One-Trial Learning: Or, Counting on Luck

One-Trial Learning: Or, Counting on Luck

By Mark Chussil

I love data. I spent 15 years working with the PIMS (Profit Impact of Market Strategy) database alongside academic luminaries. (I was in the room but I was not in their league.) Many years later, I think it’s fun to run and analyze a billion simulations before breakfast. I love data.

But data isn’t learning, and learning isn’t just about the amount of data.

How much data do we need to learn? One data point gives us an existence proof; that is, proof that that data point is possible, because it exists. It’s also an anecdote, and the learning that people get from that one data point properly called a story.

To see why, let’s look at rats.[1]

Imagine a T-shaped maze. A rat enters at one end of the T. It scurries along and soon faces a choice: go one way or go the other.

If the rat goes one way, it gets a piece of delicious cheese. If it goes the other way, it encounters an irrevocably fatal electric shock. (Note to the nervous: This is merely a thought experiment. No real rat was harmed in the writing of this essay.)

That mythical experiment parodies a serious idea, one-trial (one data point) learning, proposed by Edwin Ray Guthrie (1886-1959), a psychologist at the University of Washington.[2] The joke, of course, is that a rat that survives hasn’t really learned. It just chose the right path by chance.

That’s all very amusing and/or academic, except not for the rat. As it happens, though, one-trial learning can teach us something about decision-making.

What has a surviving rat learned? The answer is simple: nothing. The rat doesn’t know what would have happened otherwise. (For a different reason, neither does a rat that turned the other way.) The rat has only an anecdote.

If one trial isn’t enough for learning, though, how many does it take for us to know something? Too many. We don’t usually have enough time, let alone money or appetite for risk, to run randomized controlled trials on our businesses. (Possible exception: test markets.)

Fortunately, there are options between one-trial learning and too-many-trials knowing. That option is competing as a skill, as opposed to competing by counting on luck or competing by looking for certainty. We can greatly improve the quality of our strategy decisions at costs in time and risk that we can bear. Or, as a data-lover might put it:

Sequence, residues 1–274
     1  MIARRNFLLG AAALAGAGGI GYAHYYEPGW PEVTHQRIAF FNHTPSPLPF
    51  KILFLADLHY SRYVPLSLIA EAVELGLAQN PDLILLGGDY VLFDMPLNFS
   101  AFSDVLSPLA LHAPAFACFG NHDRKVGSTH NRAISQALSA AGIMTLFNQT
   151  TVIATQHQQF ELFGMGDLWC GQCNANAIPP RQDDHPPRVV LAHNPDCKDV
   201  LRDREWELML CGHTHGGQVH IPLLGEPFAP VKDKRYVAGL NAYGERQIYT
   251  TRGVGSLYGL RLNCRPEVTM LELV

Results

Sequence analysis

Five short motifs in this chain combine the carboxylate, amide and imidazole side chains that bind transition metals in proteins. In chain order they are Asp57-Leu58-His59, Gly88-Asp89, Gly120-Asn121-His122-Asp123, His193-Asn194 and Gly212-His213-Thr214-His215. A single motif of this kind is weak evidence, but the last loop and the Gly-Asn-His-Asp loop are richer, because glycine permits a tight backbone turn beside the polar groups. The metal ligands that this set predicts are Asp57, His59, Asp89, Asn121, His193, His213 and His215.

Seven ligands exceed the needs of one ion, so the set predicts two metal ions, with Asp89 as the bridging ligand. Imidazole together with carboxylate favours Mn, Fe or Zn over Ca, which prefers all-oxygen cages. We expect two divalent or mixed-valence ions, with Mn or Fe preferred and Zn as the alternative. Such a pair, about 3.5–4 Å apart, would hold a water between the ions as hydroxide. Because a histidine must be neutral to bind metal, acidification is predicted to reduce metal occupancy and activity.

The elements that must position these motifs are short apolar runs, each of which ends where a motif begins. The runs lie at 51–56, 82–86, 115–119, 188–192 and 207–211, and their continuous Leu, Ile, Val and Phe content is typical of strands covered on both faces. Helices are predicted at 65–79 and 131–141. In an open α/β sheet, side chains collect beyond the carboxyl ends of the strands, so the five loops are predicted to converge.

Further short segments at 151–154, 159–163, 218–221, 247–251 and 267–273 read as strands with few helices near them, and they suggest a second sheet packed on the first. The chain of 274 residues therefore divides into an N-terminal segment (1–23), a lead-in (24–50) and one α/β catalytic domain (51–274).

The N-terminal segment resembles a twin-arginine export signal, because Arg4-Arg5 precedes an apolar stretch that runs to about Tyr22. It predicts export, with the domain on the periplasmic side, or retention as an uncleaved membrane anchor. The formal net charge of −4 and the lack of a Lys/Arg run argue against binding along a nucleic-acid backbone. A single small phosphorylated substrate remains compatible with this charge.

Greatly improved decisions ÷ Costs we can bear
= Impressive returns on investment

When the stakes are high and the possibilities are plentiful, there is simulation, computer-based (e.g., strategy tournaments) and/or role-playing (e.g., business war games). Those techniques can simulate strategies too risky to test in real life, uncover surprises in a safe environment, explore many possible futures, and offer rigor and impartiality. They’re not perfect — nothing is — but they greatly improve the odds of making good strategy decisions. Think of it this way: Gamblers lose by only a few percentage points when they spin the roulette wheel (the house edge is between 2.7% and 5.3%), but that’s how casinos make millions.

By contrast, we can accumulate anecdotes. We can see which companies succeed and which fail, we can make up stories about them, and we can believe the stories of their inevitable successes and failures in finding the cheese.

Sometimes time is too short for simulation or war-gaming, and the problem is merely whether we’re ready to take advice from anecdotes. For those situations, try a variant on the headline test: Turn the advice around and see if the opposite is possible too. For example, consider “be first to market if you want to win.” Can you win if you’re not first? (In some markets, clearly yes; in others, arguably no.) If you can win without being first, then “be first” is a strategy option, not an obligation. And when you spot new options, you spot new opportunities for competitive advantage.

You can be a furry hero telling squeaky stories, or you can learn about mazes. Don’t worry about where the cheese was yesterday. Your job is to find the cheese today.

Further Reading

My friend Ben Gilad posted a terrific essay on the shortcomings of “data-driven” decision-making. Ben and I wrote The NEW Employee Manual: A No-Holds-Barred Look at Corporate Life (Entrepreneur Press, 2019).

Professors Bart De Langhe (ESADE Business & Law School) and Stefano Puntoni (Rotterdam School of Management, Erasmus University) spoke about “Understanding Decision-Driven Analytics” in a 2021 MIT Sloan School webinar.

[1] You think people don’t find rats exciting? Put a rat in a room full of people and see what happens.

[2] For more, see, “psychology students’ best friend.”

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